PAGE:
Before you head out on your summer road trip, consider this. Researchers have discovered a link between driving and deadly forms of skin cancer.
New research suggests that people in the USA are more likely to develop skin cancer, such as melanoma and merkel cell carcinoma, on the left side of their bodies. Driving may be to blame, because the left arm receives more UV, say researchers from the University of Washington in Seattle, who analyzed cancer cases in a government database.
They found that when skin cancer occurred on one side of the body, 52% of melanoma cases and 53% of merkel cell carcinomas were on the left side. On the upper arms, 55% of merkel cell cases developed on the left side. The study, published online in April by the Journal of the American Academy of Dermatology, provides the strongest evidence to date of a left-side bias in skin cancer cases in the USA.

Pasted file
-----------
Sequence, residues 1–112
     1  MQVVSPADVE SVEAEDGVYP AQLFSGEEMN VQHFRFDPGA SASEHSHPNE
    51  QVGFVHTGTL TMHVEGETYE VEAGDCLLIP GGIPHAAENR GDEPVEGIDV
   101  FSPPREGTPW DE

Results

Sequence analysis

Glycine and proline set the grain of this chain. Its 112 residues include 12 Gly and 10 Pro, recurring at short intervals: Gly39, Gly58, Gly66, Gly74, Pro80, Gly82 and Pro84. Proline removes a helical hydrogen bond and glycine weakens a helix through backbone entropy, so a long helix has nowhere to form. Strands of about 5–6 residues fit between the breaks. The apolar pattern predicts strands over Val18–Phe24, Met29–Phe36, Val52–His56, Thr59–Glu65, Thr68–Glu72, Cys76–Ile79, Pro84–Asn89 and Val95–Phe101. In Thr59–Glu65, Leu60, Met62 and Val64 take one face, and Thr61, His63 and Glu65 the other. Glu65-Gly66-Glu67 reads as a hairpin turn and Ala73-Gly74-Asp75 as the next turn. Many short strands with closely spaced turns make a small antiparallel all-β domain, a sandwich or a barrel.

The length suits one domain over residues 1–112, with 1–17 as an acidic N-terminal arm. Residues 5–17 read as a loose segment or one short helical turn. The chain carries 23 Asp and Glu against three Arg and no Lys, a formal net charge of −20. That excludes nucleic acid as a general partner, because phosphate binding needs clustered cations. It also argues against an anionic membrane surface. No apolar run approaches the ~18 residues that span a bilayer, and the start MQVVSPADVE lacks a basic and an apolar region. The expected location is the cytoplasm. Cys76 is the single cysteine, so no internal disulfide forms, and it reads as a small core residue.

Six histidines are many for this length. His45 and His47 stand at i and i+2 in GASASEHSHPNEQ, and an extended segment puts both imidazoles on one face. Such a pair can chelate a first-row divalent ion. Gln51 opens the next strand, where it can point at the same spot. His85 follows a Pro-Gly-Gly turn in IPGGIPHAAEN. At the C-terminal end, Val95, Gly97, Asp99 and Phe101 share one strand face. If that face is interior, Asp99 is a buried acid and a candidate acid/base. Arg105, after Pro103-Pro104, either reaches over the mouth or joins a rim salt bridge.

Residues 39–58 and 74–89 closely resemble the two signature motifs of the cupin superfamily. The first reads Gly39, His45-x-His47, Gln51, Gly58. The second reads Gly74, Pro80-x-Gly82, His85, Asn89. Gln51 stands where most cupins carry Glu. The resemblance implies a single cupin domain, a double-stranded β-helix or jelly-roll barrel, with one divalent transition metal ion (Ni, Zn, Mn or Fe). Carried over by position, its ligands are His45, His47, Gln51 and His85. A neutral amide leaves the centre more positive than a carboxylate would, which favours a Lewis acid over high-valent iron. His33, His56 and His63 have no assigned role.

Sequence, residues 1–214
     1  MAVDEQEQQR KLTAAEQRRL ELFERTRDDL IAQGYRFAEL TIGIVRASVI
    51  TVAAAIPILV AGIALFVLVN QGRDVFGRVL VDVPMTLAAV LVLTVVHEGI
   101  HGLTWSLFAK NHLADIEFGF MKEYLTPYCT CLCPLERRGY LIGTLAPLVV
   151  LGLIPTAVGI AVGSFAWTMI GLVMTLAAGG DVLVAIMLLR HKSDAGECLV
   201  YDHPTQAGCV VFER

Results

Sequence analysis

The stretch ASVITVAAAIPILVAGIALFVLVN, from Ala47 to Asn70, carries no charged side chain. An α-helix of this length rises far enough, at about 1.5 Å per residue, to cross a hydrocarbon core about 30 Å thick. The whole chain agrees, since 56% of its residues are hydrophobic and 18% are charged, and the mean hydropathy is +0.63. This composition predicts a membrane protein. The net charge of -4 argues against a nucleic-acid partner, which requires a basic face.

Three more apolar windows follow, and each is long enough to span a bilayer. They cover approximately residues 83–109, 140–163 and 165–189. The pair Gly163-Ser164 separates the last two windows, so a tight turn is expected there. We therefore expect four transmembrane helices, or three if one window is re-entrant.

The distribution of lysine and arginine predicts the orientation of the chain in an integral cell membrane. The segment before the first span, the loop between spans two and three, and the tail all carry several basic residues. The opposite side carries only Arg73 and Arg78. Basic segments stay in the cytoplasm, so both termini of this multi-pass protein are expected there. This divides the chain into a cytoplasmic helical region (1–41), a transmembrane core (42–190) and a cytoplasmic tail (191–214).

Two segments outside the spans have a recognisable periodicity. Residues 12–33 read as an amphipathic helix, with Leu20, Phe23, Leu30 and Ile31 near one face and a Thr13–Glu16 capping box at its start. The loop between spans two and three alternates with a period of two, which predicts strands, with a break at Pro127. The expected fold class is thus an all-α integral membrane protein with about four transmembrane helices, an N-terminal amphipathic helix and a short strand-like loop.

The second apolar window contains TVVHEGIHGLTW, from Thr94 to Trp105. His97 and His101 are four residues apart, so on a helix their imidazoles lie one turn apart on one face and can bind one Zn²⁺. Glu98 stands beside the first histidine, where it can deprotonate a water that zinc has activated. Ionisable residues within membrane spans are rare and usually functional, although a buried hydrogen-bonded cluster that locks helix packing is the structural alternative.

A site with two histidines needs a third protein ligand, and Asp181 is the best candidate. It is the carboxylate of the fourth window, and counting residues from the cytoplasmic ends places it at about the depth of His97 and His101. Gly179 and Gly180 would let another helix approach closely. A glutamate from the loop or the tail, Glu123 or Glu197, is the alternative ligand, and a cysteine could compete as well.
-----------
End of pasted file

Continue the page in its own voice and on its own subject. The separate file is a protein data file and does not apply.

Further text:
The results were based on more than 84,000 recorded cases of skin cancer.
The study's co-author, Paul Nghiem said people who drive with their windows closed shouldn't feel inclined to put sunscreen on before they hop in the car. But for those who like a cool breeze when they're on the road, sunscreen would be wise, Nghiem said.
In 2010, a St. Louis University study showed a correlation between more time spent driving and a higher incidence of left-sided skin cancers, especially on sun-exposed areas in men.
The latest skin cancer news comes just as the Food and Drug Administration announced new rules designed to increase effectiveness of sunscreens and make them easier to use.
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